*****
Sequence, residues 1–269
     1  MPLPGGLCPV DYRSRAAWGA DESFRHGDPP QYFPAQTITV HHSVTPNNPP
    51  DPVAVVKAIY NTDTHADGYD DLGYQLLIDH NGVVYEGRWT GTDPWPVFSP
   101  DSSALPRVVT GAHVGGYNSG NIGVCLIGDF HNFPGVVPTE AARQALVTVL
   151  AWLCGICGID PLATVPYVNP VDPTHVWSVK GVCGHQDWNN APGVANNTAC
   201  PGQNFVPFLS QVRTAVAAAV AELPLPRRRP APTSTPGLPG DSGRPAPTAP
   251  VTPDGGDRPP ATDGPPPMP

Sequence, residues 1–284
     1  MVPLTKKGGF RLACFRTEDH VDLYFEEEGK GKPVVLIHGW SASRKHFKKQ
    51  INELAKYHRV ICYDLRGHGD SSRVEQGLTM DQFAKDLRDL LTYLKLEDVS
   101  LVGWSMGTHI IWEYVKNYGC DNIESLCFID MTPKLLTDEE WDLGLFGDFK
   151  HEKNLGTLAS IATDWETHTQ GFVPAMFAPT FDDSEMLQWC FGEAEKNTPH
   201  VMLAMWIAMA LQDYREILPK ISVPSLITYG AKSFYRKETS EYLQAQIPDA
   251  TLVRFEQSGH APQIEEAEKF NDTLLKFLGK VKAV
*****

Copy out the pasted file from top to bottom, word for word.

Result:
Sequence, residues 1–269
     1  MPLPGGLCPV DYRSRAAWGA DESFRHGDPP QYFPAQTITV HHSVTPNNPP
    51  DPVAVVKAIY NTDTHADGYD DLGYQLLIDH NGVVYEGRWT GTDPWPVFSP
   101  DSSALPRVVT GAHVGGYNSG NIGVCLIGDF HNFPGVVPTE AARQALVTVL
   151  AWLCGICGID PLATVPYVNP VDPTHVWSVK GVCGHQDWNN APGVANNTAC
   201  PGQNFVPFLS QVRTAVAAAV AELPLPRRRP APTSTPGLPG DSGRPAPTAP
   251  VTPDGGDRPP ATDGPPPMP

Sequence, residues 1–284
     1  MVPLTKKGGF RLACFRTEDH VDLYFEEEGK GKPVVLIHGW SASRKHFKKQ
    51  INELAKYHRV ICYDLRGHGD SSRVEQGLTM DQFAKDLRDL LTYLKLEDVS
   101  LVGWSMGTHI IWEYVKNYGC DNIESLCFID MTPKLLTDEE WDLGLFGDFK
   151  HEKNLGTLAS IATDWETHTQ GFVPAMFAPT FDDSEMLQWC FGEAEKNTPH
   201  VMLAMWIAMA LQDYREILPK ISVPSLITYG AKSFYRKETS EYLQAQIPDA
   251  TLVRFEQSGH APQIEEAEKF NDTLLKFLGK VKAV